Most of the folktales we know, love and mine for their disturbing psychological implications come to us from the deep German woods of the Grimm brothers. Only a few American yarns so effectively tap into our culture’s bedrock uneasiness. Perhaps the most famous involves a man without a head (who’s sometimes on fire!) and a village called Sleepy Hollow.
As with all our most resonant legends, writers keep coming back to it. This time, Washington Irving’s 1820 short story is told through song, in Signature Theatre’s “The Hollow,” by Matt Conner (music and lyrics) and Broadway actor Hunter Foster (book).
The world premiere, the latest from the Signature’s American Musical Voices Project, is less about decapitations and more about how humans react when their lives and their way of life are threatened.
“We started talking about fear, what fear is and what fear causes people to do,” Foster says. “I said, ‘I want to make sure we’re not just going to do a literal interpretation.’ I wanted to create an allegory, not just a headless person running around chopping people’s heads off.”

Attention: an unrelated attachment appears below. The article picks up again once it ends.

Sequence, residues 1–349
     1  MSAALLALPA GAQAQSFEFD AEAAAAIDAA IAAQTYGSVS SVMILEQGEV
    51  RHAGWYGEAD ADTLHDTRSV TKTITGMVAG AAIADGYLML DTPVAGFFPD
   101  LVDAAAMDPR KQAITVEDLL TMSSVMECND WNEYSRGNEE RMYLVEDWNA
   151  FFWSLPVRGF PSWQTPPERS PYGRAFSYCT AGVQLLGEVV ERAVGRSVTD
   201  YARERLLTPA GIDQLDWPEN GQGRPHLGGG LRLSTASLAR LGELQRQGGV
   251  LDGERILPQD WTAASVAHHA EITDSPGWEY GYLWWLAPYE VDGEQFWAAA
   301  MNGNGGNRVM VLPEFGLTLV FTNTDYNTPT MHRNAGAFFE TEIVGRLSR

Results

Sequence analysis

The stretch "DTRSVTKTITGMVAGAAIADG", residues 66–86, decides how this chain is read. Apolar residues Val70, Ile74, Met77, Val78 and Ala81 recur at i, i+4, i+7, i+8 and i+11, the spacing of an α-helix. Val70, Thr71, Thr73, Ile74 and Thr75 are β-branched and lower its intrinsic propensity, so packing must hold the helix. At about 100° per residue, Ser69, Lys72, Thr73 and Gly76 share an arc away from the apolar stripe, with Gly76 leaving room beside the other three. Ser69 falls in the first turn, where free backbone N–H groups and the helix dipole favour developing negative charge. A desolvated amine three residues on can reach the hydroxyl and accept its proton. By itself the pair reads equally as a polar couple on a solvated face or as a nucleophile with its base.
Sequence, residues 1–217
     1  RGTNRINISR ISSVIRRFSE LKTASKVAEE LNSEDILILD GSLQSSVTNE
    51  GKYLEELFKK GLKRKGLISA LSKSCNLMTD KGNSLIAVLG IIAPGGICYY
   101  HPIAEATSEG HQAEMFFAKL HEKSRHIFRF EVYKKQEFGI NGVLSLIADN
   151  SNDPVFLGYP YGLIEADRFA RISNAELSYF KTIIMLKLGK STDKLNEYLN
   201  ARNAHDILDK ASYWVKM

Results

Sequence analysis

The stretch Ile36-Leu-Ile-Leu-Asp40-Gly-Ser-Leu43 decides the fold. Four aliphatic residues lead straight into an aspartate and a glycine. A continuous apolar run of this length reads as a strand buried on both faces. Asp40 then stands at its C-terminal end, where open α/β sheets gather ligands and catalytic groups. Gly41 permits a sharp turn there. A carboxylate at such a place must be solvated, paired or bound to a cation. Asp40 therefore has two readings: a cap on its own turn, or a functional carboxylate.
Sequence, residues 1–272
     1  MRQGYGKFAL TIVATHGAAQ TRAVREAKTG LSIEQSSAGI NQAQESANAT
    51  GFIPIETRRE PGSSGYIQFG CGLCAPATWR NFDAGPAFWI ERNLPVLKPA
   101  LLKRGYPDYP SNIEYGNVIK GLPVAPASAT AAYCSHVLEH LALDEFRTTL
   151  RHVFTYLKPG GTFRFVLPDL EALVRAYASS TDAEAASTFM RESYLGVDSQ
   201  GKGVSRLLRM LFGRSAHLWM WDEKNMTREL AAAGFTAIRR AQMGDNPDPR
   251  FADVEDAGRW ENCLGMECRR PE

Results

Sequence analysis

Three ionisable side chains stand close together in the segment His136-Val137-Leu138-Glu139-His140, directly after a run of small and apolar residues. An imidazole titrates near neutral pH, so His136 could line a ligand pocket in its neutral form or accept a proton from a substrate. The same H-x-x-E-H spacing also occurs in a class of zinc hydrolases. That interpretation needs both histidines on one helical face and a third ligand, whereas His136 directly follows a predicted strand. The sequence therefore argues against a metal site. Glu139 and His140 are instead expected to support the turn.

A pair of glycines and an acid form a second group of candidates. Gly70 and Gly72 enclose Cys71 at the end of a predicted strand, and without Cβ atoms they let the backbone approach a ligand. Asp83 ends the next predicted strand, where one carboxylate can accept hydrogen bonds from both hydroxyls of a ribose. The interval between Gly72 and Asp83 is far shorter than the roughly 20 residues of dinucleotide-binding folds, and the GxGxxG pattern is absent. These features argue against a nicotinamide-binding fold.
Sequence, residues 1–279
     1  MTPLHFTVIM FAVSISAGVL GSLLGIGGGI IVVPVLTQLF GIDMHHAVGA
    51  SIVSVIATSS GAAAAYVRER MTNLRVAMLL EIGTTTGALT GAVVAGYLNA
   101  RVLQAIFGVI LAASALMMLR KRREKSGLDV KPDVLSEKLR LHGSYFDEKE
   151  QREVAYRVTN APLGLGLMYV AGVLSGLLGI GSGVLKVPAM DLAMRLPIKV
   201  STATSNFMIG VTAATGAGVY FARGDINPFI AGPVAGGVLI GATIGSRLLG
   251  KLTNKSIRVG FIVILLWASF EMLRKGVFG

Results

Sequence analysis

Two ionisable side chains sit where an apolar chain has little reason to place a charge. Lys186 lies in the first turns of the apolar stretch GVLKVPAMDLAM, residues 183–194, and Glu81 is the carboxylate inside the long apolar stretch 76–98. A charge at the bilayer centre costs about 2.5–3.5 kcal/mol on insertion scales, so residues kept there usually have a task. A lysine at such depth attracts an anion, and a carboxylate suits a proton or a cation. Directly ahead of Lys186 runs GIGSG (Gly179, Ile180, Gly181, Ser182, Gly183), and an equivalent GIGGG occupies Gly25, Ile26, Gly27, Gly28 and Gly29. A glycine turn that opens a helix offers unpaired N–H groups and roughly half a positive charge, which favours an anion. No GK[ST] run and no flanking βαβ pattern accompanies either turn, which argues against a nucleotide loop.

“The Hollow” probes the psyches of 18th-century Sleepy Hollow residents as they face two unknowns: a ghostly, headless intruder and progressive thinker Ichabod Crane, who wants to teach kids about books other than the Bible.
The creative team took inspiration from Arthur Miller’s “The Crucible,” which used the Salem witch trials to skewer McCarthyism, and from the panic that swept the U.S. after Sept. 11, 2001.
“[The residents'] fear of Crane almost overtakes their fear of the Headless Horseman,” Foster says. “The story gets into the Tea Party mentality of people being afraid and forming groups — we see how far fear can push a group of people.”
Signature Theatre, 4200 Campbell Ave., Arlington; through Oct. 16, $29-$82; 703-820-9771.